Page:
Students Speak! In this month’s student profile, we catch up with Lindsey Lumberg, a Running Start student at the Community Colleges of Spokane, and campus coordinator for To Write Love on Her Arms, a student mental health campaign. This is Lindsey’s second year at community college and her first in American Honors. What is your favorite aspect of the Honors program? I had a few friends in the program last year who showed me the lounge, and I thought that the fact they had their own mini fridge and comfy chairs was awesome. I love how many friends I have made through the program to whom I can relate; it’s nice having this community. What is your biggest dream right now? My biggest dream right now is to go into a career which involves helping people and saving lives. To accomplish this, I hope to transfer to a university in a big city where I can study psychology to focus on mental health awareness. What’s your favorite study tune this quarter? Evil Friends by Portugal. The Man. What’s the most surprising thing you learned this week? It is almost humanly impossible to eat an entire box of Little Debby Swiss Rolls in under 3 minutes. What are you most excited about for next quarter? Finally taking a psychology class! What inspires you the most? My two best friends inspire me every single day. They are both in Running Start and American Honors as well, and they never let me get down on myself. Even if our “study sessions” take a lot longer than necessary, we always have a good time and get something done.
Did You Know? Take a look at some American Honors Statistics from 2012-13 year (overall): Retention rate: 85% Graduation rate of 2nd years: 96% % of 2nd years admitted for transfer: 91% % admitted to Top 100 college or university: 60%
Word of the Day “Open Source” There are so many new terms floating around and we thought it might be helpful to break down a few key words each issue. This issue looks at the term “open source.” “Open source” refers to learning items being “open” or available and free to use from their “source,” meaning their author or original point of creation. It also refers to the licensing agreement that the creator has decided to implement for the material. Many open source materials are free to use with attribution, others are free to use as long as they maintain their format, and a third category are free to use and adapt as you see fit. A great example of open source materials are Ted talks (Ted.com).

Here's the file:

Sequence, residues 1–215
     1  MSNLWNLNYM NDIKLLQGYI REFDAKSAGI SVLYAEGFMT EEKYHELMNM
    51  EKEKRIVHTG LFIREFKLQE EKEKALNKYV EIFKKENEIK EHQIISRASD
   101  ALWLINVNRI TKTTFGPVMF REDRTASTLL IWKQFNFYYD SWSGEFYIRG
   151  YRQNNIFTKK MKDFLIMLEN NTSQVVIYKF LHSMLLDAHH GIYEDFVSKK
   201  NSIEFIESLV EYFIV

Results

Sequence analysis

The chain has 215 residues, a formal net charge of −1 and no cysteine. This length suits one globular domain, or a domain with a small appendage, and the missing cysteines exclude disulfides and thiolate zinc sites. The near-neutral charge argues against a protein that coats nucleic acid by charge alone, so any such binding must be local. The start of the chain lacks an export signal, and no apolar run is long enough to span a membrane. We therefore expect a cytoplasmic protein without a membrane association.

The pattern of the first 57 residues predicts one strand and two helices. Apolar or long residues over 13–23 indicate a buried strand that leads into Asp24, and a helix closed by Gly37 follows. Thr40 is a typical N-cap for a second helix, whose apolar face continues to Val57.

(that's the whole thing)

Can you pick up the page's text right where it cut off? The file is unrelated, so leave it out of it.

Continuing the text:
These videos can be used freely in any of your courses. Other videos available through a publishing company would be copyrighted and you would need permission (and possibly need to pay a licensing fee) to use. Therefore those are sometimes referred to as “closed” or private materials. WikiMedia Commons www.commons.wikimedia.org is another spot for open source content like images or video clips.
Resource Exchange Each issue we will post a few resources for you to check out here. Have suggestions? Let us know and we can add them to the list! “Open Source” Resources: Ted Talks: www.ted.com Khan Academy: www.khanacademy.org MIT OpenCourseware: ocw.mit.edu OpenCourseWare Consortium: www.ocwconsortium.org General Resources: Teachers College Community College Research Center: ccrc.tc.columbia.edu Interesting Blog about Hybrid Pedagogy: www.hybridpedagogy.com Chronicle of Higher Ed Blog: chronicle.com/blogs/profhacker
Notes from Quad Support Adobe Connect Sessions
First, the Quad Support team (Katrina and Allie above) would like to thank you for your patience with student tech difficulties as our inaugural classes get up-to-speed with their own technical requirements.
Given difficulties with our audio provider, we are currently piloting a different provider in half of our Adobe classes and are seeing improvement. We realize the audio issue presents challenges to classes and we are dedicated to improving this experience for both you and your students.
The overall support requests have significantly decreased in the past few months.
By popular demand, our newest feature to Quad (notifications) was launched this Fall.
An additional new feature, Crocodoc, will soon be available. This tool allows faculty to annotate on assignments that are submitted online. Learn more at: www.crocodoc.com.
Quick reminders •
Create class sessions as early as possible
Check and use course stream as one option for communication
Start recordings at beginning and formally end audio at end of session